then the MSP, yea whats that launch pad, like 12 bytes of ram, 6 nano amp loads on the pins, 800$ toolchains and waiting 6 months hoping TI doesnt fuck your order up? there is a winner

    • by TheGratefulNet (143330) on Saturday May 14, 2011 @03:14PM (#36128186)

      atmega 328 chips are $5 or less, usually less. resonator and other minor parts are a dollar.

      the only cost is the $15-20 ftdi or similar serial/usb cable. pl2303 for $5 on ebay works fine, btw.

      its VERY cheap and works on all platforms. gcc is free (I use makefile based arduino dev, myself) and the IDE is usable and free.

      PIC got left behind. no one cares about PIC anymore. what else is there for this kind of cheap change?

      and who is still thruhole friendly.

      and who has a huge user contrib library online, in src format?

      this is why arduino 'won'. I spent the last year or more doing arduino things and while its still more 'home' than industry, you can make speedy progress and get help fast with your projects if you get stuck. it really is the 'linux' of the very low end embedded world, whether you like it or not.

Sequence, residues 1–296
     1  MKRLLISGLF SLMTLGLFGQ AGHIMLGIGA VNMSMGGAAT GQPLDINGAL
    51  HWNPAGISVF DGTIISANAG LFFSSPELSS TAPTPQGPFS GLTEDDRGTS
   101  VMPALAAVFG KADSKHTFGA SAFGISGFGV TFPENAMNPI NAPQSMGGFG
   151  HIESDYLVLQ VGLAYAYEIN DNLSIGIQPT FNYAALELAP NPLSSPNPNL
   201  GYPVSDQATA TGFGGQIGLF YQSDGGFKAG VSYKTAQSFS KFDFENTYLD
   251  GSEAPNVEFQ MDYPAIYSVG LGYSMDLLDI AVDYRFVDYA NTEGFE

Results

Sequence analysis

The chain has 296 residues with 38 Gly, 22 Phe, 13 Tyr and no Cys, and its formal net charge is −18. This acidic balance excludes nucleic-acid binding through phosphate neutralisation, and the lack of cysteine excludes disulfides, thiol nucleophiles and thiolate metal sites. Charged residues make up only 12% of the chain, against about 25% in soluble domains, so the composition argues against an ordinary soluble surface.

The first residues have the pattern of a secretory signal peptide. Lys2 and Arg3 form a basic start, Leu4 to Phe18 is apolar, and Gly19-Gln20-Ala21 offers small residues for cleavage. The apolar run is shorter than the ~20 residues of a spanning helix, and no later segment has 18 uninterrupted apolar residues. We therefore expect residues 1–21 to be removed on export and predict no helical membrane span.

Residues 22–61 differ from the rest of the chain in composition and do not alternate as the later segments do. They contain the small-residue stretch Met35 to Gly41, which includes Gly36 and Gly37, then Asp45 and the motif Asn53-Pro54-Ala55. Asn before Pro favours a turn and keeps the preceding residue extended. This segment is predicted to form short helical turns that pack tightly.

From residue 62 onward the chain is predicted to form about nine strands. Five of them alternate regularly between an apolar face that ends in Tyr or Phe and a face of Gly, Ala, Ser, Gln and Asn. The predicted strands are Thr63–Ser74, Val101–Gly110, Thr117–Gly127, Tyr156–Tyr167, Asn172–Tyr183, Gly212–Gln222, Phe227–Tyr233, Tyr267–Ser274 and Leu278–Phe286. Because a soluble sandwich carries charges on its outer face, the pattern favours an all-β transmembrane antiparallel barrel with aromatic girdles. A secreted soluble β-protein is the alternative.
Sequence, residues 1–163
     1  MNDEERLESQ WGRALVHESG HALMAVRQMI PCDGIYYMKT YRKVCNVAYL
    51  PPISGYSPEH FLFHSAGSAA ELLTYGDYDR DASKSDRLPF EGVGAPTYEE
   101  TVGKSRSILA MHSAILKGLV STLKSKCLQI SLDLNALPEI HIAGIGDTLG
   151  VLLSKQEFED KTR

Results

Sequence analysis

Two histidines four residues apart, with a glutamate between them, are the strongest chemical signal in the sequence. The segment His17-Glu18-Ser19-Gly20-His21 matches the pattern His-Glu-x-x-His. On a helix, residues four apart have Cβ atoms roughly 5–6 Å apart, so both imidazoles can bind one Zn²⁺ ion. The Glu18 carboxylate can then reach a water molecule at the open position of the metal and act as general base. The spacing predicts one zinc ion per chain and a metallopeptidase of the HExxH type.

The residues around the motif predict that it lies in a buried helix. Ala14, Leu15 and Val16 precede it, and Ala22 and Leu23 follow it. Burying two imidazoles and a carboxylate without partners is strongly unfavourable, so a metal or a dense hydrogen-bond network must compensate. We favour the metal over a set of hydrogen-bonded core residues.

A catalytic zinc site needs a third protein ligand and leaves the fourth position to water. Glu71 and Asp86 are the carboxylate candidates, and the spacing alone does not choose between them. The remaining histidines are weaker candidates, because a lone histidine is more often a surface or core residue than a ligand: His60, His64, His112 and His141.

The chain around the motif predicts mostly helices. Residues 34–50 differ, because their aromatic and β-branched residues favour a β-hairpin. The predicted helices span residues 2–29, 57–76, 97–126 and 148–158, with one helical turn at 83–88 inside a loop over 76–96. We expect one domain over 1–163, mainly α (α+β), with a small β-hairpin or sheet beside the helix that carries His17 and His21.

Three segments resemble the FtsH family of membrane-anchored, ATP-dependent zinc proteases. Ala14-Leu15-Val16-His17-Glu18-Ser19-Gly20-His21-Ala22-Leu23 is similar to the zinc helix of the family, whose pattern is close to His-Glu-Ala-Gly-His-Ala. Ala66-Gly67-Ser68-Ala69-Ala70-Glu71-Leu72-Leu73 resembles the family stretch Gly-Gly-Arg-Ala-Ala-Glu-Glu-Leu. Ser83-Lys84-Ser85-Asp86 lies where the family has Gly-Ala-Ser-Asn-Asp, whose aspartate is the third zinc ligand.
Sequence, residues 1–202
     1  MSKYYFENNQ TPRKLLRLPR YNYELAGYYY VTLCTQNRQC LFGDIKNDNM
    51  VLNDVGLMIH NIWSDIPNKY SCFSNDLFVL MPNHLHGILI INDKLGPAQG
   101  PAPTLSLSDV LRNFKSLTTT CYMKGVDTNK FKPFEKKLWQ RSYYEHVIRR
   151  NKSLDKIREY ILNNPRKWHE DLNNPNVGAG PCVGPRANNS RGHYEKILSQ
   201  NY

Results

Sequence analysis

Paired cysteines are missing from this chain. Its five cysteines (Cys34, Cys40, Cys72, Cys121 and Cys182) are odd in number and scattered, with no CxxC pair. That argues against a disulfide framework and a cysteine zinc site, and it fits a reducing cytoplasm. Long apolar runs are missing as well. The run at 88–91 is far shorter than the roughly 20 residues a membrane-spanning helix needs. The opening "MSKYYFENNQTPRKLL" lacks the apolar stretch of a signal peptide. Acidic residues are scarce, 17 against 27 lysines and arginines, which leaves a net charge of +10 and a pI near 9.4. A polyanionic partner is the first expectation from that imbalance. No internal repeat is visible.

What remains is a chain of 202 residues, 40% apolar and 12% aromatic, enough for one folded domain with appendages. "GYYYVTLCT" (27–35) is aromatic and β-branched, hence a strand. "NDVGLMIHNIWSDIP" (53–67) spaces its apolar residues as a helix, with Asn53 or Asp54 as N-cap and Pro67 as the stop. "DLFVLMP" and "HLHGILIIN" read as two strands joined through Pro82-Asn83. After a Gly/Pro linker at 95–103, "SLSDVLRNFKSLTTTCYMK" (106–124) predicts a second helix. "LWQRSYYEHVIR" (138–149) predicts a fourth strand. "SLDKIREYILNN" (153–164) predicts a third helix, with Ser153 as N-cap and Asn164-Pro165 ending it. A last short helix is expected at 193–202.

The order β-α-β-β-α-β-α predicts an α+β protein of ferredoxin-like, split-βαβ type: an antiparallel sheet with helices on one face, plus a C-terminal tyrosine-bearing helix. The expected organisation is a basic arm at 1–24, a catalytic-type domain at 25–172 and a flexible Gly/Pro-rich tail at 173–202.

• by thegarbz (1787294)

      However, Arduino isn't all there is and it's not even particularly interesting. It's a family of boards with non-standard header pin spacing (WTF guys?!) with a shitty ATmega at its core. Most hobbyists would be better served by something from Parallax.

      Ahhh I see your electrical perspective on this. Sorry but for many people out there the Arduino IS all there is. No other platform comes prebuilt in a wide variety of styles. No other platform has a whole host of stackable plug-in boards to extend functionality. No other platform has as large a user base, or as large an open source code library. Most platforms have really horrendous free IDEs, or charge you through the nose to develop. Most other platforms offer single microcontrollers that are worth more t